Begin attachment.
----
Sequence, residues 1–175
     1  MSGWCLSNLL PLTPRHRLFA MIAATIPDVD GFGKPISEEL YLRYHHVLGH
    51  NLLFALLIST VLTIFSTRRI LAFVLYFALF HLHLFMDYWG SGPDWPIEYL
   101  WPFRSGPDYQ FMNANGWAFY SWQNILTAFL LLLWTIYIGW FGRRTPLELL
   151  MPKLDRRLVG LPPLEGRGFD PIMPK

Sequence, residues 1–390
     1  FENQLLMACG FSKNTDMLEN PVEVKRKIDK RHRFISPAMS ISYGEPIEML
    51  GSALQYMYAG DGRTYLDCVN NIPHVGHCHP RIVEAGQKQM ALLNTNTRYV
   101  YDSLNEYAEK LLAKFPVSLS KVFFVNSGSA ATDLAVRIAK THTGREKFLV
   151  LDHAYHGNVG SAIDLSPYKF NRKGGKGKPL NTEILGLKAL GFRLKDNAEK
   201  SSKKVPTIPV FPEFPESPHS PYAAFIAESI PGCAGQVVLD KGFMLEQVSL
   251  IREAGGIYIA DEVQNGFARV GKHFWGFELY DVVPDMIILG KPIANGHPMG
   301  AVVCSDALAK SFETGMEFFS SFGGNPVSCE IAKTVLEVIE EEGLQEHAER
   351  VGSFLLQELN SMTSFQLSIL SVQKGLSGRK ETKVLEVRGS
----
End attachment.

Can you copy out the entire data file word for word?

Sequence, residues 1–175
     1  MSGWCLSNLL PLTPRHRLFA MIAATIPDVD GFGKPISEEL YLRYHHVLGH
    51  NLLFALLIST VLTIFSTRRI LAFVLYFALF HLHLFMDYWG SGPDWPIEYL
   101  WPFRSGPDYQ FMNANGWAFY SWQNILTAFL LLLWTIYIGW FGRRTPLELL
   151  MPKLDRRLVG LPPLEGRGFD PIMPK

Sequence, residues 1–390
     1  FENQLLMACG FSKNTDMLEN PVEVKRKIDK RHRFISPAMS ISYGEPIEML
    51  GSALQYMYAG DGRTYLDCVN NIPHVGHCHP RIVEAGQKQM ALLNTNTRYV
   101  YDSLNEYAEK LLAKFPVSLS KVFFVNSGSA ATDLAVRIAK THTGREKFLV
   151  LDHAYHGNVG SAIDLSPYKF NRKGGKGKPL NTEILGLKAL GFRLKDNAEK
   201  SSKKVPTIPV FPEFPESPHS PYAAFIAESI PGCAGQVVLD KGFMLEQVSL
   251  IREAGGIYIA DEVQNGFARV GKHFWGFELY DVVPDMIILG KPIANGHPMG
   301  AVVCSDALAK SFETGMEFFS SFGGNPVSCE IAKTVLEVIE EEGLQEHAER
   351  VGSFLLQELN SMTSFQLSIL SVQKGLSGRK ETKVLEVRGS